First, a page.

In this piece, Gross says that stocks have had a 6.6% real return historically and asks how that can continue if the GDP grows at only 3.5% per year.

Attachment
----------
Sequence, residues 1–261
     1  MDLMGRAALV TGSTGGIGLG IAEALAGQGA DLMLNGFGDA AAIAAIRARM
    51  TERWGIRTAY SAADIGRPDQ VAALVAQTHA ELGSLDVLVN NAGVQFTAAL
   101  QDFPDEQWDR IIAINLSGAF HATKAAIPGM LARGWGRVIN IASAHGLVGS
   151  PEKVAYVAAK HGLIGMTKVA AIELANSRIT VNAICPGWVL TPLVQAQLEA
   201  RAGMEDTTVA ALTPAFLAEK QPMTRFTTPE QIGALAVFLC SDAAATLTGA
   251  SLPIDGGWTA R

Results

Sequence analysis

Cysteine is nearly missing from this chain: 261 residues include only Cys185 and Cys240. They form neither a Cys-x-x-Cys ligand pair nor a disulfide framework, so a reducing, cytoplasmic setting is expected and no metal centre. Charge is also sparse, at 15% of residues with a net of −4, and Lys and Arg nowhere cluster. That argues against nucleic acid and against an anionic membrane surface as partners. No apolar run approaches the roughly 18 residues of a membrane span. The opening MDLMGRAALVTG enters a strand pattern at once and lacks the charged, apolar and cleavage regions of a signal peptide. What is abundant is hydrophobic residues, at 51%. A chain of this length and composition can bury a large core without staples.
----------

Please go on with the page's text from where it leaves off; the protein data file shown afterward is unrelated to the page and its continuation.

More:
The answer is simple - you get a dividend of 3% and the value of your stock goes up by 3.5% in real terms to reflect the growth of future dividends in line with the growth of the economy. If you don't pay any taxes and reinvest all your dividends, the value of your asset grows at 6.5% per year and you would own an increasing share of the stock market. But in the long-run no-one can do this. At least they haven't. Even endowments like Harvard spend some of their earnings all the time. The stock prices of companies that don't pay dividends but make normal profits would go up at 6.5% per year. Berkshire Hathaway is a company that hasn't paid dividends for more than 40 years and its stock price has gone up enormously. At some point the model of buying more and more companies will run out of steam. In fact, I expect that after Buffett dies the managers will end up breaking up the company.